Besides the genes, numerous differentially regulated miRNAs have also been identified in salt-stressed plants. For instance, miR156, miR158, miR159, miR165, miR167, miR168, miR169, miR171, miR319, miR393, miR394, miR396, and miR397 were all reported to be overexpressed in response to salt stress in Arabidopsis, while the accumulation of miR398 was downregulated [50].

miR169 was also reported to be induced by high salinity stress [46]. The authors found a cis-acting ABA-responsive element (ABRE) in the upstream region of miR169n, which suggested that miR169n might be regulated by ABA. Another group used microarray experiments as a method to explore the miRNA profile of maize in different lines (salt-tolerant and salt-sensitive); finally, it was reported that the expression levels of miR156, miR164, miR167, and miR396 family members were downregulated considerably, while it was increased in miR162, miR168, miR395, and miR474 families after salt-shock in root tissue [58].

2.6. Cold stress

Some plants increase their tolerance to cold in order to deal with the low temperatures. This phenomenon is known as cold acclimation. In recent years, many cold-regulated genes have been identified in plants under cold stress. The C-repeat binding factor (CBF) cold-responsive pathway was considered as the most known cold tolerance pathway in plants [59]. There are three CBF/DREB1 family members, including CBF1, CBF2, and CBF3 (DREB1b, DREB1c, and DREB1a, respectively), encoding the DNA-binding proteins of Apetala2/ethylene responsive factor (AP2/ERF) family [60]. Also, the expression of many miRNAs in cold stress has been examined in different plants including Arabidopsis thaliana. Several miRNAs belonging to different families were reported to be upregulated under cold-stress condition in Arabidopsis thaliana (miR165/166, miR393, miR396, and miR408), while some other miRNAs (miR156/157, miR159/319, miR164, miR394, and miR398) were shown to be either transient or mildly regulated under cold-stress treatment condition [19][50]. In another report, the expression levels of miR168 and miR477 family members were increased after the cold-stress treatment, while miR156, miR475, and miR476 members were downregulated in Populus plants [55][19].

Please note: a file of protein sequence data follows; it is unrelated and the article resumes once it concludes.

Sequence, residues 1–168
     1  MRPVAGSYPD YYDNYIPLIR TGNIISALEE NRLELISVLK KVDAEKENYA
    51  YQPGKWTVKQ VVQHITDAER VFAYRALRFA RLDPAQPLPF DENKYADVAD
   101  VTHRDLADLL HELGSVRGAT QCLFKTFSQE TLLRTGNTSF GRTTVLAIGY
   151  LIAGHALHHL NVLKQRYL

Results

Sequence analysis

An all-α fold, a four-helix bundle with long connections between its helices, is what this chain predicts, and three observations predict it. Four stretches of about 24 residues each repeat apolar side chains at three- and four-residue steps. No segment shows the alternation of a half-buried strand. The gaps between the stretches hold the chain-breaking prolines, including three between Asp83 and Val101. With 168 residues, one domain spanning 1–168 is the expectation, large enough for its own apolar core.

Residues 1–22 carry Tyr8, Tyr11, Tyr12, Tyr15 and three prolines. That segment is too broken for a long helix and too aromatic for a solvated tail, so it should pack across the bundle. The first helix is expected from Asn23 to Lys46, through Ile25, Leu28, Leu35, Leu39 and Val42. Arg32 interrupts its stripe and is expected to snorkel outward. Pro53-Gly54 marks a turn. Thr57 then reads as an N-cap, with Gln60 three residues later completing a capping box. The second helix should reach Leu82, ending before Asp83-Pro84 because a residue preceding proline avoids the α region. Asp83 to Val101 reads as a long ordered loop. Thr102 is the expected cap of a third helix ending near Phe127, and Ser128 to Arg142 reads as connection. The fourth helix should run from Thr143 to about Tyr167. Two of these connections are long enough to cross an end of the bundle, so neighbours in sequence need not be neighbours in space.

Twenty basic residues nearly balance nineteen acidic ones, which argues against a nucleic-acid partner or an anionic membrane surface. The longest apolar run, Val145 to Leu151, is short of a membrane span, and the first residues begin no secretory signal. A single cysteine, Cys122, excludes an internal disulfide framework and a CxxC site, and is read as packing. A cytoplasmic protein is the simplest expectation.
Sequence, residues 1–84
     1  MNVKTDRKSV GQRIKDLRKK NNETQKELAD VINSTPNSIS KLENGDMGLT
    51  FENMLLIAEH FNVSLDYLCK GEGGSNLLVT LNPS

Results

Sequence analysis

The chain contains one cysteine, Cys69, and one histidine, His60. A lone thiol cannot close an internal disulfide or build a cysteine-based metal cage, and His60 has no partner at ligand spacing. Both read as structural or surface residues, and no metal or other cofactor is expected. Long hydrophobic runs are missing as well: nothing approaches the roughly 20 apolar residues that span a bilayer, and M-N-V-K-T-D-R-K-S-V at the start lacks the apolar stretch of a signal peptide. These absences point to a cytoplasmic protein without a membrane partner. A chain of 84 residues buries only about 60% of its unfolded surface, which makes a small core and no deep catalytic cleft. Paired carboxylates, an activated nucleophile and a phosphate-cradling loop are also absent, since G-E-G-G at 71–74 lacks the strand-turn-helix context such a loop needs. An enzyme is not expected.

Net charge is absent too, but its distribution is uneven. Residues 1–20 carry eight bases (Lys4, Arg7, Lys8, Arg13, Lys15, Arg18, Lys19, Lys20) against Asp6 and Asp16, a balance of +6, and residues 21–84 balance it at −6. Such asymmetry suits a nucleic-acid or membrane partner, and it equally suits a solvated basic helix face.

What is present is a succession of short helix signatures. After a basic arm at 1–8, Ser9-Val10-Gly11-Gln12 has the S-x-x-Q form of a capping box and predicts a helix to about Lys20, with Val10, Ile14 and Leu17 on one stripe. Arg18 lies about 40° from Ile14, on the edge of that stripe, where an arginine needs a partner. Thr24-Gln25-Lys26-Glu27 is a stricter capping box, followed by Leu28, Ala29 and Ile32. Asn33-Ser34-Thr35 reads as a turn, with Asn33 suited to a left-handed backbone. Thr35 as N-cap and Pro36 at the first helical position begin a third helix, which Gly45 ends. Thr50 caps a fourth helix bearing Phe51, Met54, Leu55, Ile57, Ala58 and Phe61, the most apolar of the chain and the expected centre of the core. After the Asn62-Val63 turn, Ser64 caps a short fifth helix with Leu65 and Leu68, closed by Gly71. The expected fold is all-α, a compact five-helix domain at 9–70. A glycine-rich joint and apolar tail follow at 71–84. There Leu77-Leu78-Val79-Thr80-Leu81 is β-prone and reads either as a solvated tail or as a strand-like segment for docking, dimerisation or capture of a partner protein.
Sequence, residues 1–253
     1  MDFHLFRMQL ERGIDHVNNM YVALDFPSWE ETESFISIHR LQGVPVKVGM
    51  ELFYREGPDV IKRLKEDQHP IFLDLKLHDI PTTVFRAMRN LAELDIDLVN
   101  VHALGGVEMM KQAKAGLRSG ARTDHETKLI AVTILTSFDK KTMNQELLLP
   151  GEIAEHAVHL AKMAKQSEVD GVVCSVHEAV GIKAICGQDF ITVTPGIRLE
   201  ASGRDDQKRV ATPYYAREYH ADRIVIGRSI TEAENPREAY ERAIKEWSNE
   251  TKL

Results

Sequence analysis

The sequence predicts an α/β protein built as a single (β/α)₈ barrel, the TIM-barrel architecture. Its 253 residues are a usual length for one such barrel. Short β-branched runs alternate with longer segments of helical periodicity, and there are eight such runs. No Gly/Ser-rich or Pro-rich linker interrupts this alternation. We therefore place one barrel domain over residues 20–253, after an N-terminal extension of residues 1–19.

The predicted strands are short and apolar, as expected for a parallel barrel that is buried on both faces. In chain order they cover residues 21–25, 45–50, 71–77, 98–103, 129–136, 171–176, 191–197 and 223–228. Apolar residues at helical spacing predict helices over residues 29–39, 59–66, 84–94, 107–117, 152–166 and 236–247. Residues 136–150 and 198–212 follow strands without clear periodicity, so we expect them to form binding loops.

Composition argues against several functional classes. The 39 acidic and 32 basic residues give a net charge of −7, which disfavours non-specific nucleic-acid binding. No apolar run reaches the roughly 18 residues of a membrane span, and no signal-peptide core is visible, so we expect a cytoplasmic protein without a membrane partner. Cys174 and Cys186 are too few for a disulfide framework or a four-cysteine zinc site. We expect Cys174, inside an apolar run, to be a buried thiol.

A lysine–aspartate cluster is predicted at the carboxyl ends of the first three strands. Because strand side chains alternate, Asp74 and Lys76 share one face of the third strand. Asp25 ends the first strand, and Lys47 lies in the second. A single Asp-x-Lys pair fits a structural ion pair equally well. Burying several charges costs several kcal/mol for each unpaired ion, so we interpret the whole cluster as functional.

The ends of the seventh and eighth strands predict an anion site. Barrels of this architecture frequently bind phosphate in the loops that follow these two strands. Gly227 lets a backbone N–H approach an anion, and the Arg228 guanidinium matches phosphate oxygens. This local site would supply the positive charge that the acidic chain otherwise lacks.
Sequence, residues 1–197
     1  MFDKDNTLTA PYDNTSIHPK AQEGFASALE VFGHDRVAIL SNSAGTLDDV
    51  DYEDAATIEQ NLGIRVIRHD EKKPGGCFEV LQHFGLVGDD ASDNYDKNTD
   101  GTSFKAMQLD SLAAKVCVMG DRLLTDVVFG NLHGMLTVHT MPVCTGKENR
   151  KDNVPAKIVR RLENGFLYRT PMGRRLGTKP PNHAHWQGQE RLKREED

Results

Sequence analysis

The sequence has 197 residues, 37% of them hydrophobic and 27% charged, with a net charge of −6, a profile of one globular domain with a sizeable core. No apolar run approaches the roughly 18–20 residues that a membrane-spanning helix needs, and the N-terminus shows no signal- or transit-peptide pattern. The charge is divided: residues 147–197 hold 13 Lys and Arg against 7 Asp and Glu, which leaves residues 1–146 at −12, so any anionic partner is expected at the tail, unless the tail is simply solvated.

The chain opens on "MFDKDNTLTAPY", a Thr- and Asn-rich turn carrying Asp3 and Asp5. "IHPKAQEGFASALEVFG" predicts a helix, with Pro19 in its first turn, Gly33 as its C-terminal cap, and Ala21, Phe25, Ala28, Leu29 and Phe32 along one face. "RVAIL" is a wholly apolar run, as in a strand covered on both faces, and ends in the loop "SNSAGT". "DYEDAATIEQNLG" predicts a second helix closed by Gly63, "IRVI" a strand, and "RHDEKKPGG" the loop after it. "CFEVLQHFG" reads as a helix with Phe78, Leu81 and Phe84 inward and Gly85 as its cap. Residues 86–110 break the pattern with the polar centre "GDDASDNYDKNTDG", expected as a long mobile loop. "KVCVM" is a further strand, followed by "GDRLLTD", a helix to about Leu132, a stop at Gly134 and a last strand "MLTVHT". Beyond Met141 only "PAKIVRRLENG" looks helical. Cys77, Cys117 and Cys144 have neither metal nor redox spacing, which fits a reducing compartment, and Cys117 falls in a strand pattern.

2.7. Heat stress

The average temperature of our planet is rising year by year because of the climate change. As a result, changes in the patterns of rainfall, droughts, and submergence stress are induced to the natural environments. Heat stress even alters the distribution and productivity of important crops negatively throughout the earth. A temperature rise of −5°C above the plant’s optimum temperature is considered as a heat stress. It disrupts normal functions of cellular processes, may lead to delay in plant growth and development, and it might even result in death of the plant, but, usually, high temperatures result in water deficiency, which eventually leads to increase in salt concentration. Recent studies indicate that the projected global warming in the upcoming years will negatively affect the yield of important crops; hence, the necessity of focusing on gene networks and their regulatory components becomes obvious.